Business Travel Briefing
For Aug. 22 to Sept. 5, 2019
The airlines add waves and waves of new Europe flights. The hotel industry may have finally added too many new rooms for its own good. United adds Tokyo/Haneda routes without eliminating its Narita hub. More sun-run flights for the winter season. American (eventually) will improve (a little) domestic first class cabins. And more.

How much do you love (or need) to fly to Europe? The airlines are hoping you absolutely adore it because they've scheduled wave after wave of new service starting next spring. Even with a good economy and low fuel prices, this expansion seems excessive. With a recession looming and a possible Brexit playing havoc with Europe's fundamentals, it seems downright foolhardy. So let's watch fares, keep a weather eye on economic conditions and see what happens. In the meantime, here's just some of the new routes and service that major transatlantic carriers have earmarked for next year:
      American Airlines is adding seasonal service from its Chicago/O'Hare hub to Krakow, Prague and Budapest. The nonstops will operate four or five times weekly with Boeing 787s between May and October. (LOT Polish already flies nonstop from Chicago to both Krakow and Budapest.) Philadelphia-Bologna flights, a seasonal service that American launched this year, won't return, however. And the carrier's Reykjavik service will move to Philadelphia next year, replacing its current Dallas/Fort Worth flights.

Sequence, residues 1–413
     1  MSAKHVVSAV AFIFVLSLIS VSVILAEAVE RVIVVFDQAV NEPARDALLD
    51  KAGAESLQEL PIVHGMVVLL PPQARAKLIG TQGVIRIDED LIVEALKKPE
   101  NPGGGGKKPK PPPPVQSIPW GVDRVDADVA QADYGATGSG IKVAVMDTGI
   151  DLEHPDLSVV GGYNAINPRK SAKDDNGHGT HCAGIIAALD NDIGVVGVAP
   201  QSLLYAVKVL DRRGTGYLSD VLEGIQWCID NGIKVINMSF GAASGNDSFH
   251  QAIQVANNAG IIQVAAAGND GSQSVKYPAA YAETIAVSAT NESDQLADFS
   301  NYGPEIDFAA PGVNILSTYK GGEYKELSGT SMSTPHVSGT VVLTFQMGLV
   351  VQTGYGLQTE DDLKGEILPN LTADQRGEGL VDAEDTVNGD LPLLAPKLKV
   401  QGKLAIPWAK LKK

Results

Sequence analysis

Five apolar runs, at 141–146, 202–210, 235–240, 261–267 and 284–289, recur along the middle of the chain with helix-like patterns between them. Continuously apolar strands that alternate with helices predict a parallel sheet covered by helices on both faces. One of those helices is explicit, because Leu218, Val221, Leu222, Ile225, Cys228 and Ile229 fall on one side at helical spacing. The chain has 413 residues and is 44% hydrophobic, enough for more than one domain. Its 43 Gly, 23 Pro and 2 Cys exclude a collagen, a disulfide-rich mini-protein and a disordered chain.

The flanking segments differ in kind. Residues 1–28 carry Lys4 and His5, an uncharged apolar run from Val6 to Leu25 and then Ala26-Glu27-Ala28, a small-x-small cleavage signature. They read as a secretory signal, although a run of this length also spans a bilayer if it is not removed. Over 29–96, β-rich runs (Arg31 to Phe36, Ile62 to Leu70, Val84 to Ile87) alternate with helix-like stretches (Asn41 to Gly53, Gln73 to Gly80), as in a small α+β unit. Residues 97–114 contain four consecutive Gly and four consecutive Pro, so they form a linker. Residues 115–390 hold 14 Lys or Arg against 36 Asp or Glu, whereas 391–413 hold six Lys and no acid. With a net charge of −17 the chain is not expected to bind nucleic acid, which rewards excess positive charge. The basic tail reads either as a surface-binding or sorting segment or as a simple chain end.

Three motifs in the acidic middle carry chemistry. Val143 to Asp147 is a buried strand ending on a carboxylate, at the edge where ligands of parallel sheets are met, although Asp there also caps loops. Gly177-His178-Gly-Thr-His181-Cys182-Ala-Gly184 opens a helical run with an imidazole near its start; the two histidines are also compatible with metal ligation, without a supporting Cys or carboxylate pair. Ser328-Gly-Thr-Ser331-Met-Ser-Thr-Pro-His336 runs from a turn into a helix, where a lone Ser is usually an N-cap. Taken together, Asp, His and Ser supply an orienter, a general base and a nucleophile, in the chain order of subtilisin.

Delta Air Lines and its British vassal, Virgin Atlantic, will add more flights starting March 28. There'll now be a total of eight combined daily roundtrips between New York/Kennedy and London's Heathrow Airport, including Delta's first daylight JFK-Heathrow run. Also new: London/Gatwick runs from both Boston/Logan and JFK beginning May 20. On March 29, the carriers will add Heathrow frequencies from both Los Angeles and Seattle/Tacoma. Delta will also return to Manchester, England, with a summer service from Logan beginning May 21. In total, the new flights represent a 15 percent boost in U.S.-England capacity from this summer.
      Lufthansa will introduce nonstops to Munich from both Seattle and Detroit. Flights launch in the spring and will operate five or six times weekly with Airbus A350-900 aircraft. Meanwhile, the low-fare division, Eurowings, will add flights from Munich to Las Vegas and Orlando as well as flights from Frankfurt to Anchorage and Phoenix. The Eurowings nonstops are seasonal, operating between April 20 and the end of summer.
      Swissair will add a second Washington/Dulles-Zurich roundtrip on March 29 using Airbus A330-300 aircraft.
      TAP Air Portugal will add 15 more flights between its existing North American gateways and Portugal next year. That'll give it 71 daily flights next summer, up from just 14 in 2015.
      United Airlines adds a Chicago/O'Hare-Zurich route on March 28 using Boeing 767-300ERs heavily skewed to premium class passengers. There'll also be additional frequencies from Newark to both Amsterdam and Frankfurt and two new seasonal routes. Newark-Nice and Newark-Palermo both launch in May. The Nice run will compete with the all-business-class service pioneered this summer by La Compagnie while the Palermo route will supplement United's seasonal Newark-Naples service that began this year.